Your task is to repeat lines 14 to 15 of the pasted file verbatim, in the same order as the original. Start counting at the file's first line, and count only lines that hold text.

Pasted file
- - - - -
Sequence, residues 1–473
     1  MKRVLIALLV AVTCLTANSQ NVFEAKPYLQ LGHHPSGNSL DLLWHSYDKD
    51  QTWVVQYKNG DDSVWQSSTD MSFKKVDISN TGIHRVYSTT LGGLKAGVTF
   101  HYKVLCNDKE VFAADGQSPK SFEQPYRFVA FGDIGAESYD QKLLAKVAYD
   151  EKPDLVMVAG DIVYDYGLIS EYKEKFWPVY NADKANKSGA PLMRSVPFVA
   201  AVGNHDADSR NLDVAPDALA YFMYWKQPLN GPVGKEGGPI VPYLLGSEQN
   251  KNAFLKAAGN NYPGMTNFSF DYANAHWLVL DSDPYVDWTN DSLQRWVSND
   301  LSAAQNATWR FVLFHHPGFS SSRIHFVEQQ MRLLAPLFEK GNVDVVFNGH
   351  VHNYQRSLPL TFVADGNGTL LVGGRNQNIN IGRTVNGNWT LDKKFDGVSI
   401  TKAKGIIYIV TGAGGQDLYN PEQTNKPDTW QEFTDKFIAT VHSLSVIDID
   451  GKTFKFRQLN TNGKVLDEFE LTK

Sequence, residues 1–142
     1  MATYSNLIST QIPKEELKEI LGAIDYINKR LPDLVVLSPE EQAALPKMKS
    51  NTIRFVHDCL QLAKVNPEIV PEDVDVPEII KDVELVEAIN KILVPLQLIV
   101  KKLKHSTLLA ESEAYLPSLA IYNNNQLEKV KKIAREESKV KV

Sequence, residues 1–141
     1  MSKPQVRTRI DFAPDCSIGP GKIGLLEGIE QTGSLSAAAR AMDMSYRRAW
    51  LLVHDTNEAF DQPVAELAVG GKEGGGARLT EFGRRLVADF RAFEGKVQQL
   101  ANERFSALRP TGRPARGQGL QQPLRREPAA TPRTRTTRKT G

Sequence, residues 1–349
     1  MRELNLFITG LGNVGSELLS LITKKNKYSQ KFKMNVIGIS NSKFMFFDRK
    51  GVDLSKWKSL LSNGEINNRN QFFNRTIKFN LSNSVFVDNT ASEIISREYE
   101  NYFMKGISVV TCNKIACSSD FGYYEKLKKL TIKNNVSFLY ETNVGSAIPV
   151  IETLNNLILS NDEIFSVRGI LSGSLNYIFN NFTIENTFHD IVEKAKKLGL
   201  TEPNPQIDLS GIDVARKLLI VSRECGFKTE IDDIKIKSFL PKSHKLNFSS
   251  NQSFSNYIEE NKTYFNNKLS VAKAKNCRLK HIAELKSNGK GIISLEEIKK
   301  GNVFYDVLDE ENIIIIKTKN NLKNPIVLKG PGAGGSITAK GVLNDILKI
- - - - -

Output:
    51  NTIRFVHDCL QLAKVNPEIV PEDVDVPEII KDVELVEAIN KILVPLQLIV
   101  KKLKHSTLLA ESEAYLPSLA IYNNNQLEKV KKIAREESKV KV